As you've probably guessed from my side-bar, I read a lot. I am partial to non-fiction at the moment and I finished Harry Potter last night (and I'm now prepared to discuss!). But there is a deep well in my heart that can only be filled by chick lit and People magazine.
I like my chick lit to be simple and straightforward with easily identifiable characters and situations. I like the narrative that surrounds the love story--the thirty-something who goes through a major disappointment or a horrific incident and emerges stronger and more sure of herself.
Alisa Kwitney leaves the well-beaten path in many ways in Flirting in Cars. Her main character, Zoe, is a forty-something--a nice change over the usual twenty-and-thirty-somethings that clog the chick lit genre. She is an Iraqi Jew--again, a nice change from the usual Ashkenazi heroines found in a Jennifer Weiner book. She is a single mother by choice, an ex-Manhattanite who leaves the city to enroll her daughter in a country school with a specialized LD program. And she can't drive. Hence why she spends the majority of the book flirting in a car as she learns how to be self-sufficient and exist in a small town.
There are some things that profoundly didn't work in this book, which was namely the premise. I couldn't believe that Zoe would move out of Manhattan (which she is profoundly unhappy doing) when she is surrounded by LD schools inside New York. Why not try the Gateway School on Second Avenue? Or the Churchill School on 29th? Or if you're willing to leave the city, you're probably willing to leave your borough to take your child to Mary McDowell over in Brooklyn. I spent a great deal of time wondering why she was complaining when she had passed over excellent options to put herself in this situation. It wasn't enough to put down the book any more than you drop a friend when they're going on and on about a situation that they're placing themselves in that they don't need to do. But you still spend a lot of time wondering.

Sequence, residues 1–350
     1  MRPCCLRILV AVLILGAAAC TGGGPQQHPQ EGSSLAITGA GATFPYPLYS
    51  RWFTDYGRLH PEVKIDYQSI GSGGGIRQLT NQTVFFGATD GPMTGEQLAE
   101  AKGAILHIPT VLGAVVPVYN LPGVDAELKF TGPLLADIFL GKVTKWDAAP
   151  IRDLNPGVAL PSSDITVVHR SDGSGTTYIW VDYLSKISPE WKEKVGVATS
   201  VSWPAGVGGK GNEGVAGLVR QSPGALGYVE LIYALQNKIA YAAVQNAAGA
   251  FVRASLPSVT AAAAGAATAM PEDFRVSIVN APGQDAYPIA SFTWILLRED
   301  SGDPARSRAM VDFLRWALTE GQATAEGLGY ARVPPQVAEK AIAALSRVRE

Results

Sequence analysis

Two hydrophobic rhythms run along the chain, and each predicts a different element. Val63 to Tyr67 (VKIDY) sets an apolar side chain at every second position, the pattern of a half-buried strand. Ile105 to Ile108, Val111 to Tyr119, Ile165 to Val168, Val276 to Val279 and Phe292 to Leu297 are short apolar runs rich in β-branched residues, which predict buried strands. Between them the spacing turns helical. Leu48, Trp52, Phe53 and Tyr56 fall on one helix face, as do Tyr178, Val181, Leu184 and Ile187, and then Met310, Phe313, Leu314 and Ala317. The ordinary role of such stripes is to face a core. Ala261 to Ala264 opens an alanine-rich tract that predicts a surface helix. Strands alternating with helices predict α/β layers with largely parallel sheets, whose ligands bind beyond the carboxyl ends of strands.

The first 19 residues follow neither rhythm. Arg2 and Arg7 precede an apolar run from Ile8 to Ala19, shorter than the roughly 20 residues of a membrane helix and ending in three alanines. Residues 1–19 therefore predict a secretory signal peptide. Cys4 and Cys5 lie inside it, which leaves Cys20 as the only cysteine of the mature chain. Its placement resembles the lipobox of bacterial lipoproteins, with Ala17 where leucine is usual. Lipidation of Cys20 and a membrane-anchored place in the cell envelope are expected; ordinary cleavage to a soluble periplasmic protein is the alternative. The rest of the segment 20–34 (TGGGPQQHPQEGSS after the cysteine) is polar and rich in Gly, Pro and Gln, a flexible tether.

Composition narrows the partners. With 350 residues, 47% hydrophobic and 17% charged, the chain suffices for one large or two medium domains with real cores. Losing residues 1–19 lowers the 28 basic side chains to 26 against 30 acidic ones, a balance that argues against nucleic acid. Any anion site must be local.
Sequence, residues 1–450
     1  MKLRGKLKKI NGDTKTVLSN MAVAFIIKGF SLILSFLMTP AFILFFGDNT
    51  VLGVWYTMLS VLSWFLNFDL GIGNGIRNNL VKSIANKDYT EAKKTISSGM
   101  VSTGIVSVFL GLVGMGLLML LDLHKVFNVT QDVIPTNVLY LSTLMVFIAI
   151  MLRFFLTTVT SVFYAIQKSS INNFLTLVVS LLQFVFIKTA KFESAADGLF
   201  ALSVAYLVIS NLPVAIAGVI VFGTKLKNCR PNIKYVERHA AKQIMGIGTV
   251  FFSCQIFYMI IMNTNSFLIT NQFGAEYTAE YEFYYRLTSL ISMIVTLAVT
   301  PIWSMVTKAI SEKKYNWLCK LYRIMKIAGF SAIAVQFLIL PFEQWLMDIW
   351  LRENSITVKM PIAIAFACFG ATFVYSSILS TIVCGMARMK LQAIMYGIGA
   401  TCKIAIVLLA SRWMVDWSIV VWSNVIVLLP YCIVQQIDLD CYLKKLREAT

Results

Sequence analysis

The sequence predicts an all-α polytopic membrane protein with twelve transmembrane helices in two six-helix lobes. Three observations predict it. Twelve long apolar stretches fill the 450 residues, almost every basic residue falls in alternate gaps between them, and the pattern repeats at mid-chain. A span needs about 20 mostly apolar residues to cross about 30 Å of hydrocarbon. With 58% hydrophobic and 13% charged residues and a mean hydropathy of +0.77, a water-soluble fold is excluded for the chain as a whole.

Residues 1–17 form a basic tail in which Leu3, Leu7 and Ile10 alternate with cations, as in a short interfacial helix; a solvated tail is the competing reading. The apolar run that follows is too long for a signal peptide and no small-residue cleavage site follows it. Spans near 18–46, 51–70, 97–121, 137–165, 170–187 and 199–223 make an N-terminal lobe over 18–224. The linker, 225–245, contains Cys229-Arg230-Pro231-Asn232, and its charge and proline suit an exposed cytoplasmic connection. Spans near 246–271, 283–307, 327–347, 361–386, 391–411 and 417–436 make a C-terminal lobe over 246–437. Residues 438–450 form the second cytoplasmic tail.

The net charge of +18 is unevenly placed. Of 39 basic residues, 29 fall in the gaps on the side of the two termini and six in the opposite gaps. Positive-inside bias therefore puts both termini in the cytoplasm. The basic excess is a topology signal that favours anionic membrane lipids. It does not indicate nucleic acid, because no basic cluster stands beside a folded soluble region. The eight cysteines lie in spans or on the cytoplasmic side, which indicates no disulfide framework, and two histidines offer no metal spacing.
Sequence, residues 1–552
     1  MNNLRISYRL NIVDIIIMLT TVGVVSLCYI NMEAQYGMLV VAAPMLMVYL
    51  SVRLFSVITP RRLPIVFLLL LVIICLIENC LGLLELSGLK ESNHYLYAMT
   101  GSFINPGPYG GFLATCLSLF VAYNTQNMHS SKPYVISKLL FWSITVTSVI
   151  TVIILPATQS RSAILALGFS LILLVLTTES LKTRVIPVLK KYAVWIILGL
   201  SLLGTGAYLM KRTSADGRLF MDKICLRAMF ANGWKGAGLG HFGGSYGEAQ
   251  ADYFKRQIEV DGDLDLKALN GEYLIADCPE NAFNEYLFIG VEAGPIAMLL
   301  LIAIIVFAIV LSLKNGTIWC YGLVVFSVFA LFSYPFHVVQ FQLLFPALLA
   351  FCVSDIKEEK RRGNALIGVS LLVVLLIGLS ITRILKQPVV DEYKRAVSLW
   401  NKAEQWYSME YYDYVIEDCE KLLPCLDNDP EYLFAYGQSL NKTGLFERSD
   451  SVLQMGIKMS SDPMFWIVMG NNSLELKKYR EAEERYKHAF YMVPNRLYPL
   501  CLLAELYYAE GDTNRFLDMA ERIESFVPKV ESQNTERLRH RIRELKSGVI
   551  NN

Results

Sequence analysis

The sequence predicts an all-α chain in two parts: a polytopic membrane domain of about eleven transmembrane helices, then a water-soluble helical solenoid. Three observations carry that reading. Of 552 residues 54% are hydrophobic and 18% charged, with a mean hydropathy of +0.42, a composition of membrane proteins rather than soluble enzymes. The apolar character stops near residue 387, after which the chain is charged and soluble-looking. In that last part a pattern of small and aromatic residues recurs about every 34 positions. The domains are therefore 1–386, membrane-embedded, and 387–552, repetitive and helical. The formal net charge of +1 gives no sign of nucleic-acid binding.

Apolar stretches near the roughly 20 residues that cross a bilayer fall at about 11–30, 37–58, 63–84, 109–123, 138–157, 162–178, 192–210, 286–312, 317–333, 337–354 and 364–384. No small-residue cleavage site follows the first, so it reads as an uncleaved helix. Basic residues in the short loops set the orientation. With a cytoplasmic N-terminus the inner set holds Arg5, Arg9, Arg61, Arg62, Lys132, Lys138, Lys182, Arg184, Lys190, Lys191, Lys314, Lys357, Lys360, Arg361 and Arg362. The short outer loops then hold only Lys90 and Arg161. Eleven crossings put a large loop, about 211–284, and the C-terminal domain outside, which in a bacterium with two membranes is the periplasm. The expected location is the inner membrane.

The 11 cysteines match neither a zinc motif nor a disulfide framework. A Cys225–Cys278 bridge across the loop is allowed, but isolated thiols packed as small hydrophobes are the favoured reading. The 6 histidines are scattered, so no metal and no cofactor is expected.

How was Moira close to finalizing a divorce in New York in under five months, a state famous for the fact that it has a fault-based system that precludes a couple divorcing for reasons such as irreconcilable differences unless they've been separated for one year? How was she also about to adopt a baby from China in under five months (as a single woman in 2007--from a country that does not allow single parents to adopt)? How was Zoe affording the rent and $75 in daily driving lessons on a freelance journalist salary without a paid job in months?
Flirting in Cars is an enjoyable read if you don't look too closely at the details. Sort of like that friend who doesn't make a lot of sense when you pull apart the conversation, but can be a welcome distraction when you just want to go out for an evening and have a fun dinner. I look forward to seeing her next work because she is definitely an author worthy of a first try as well as a second try.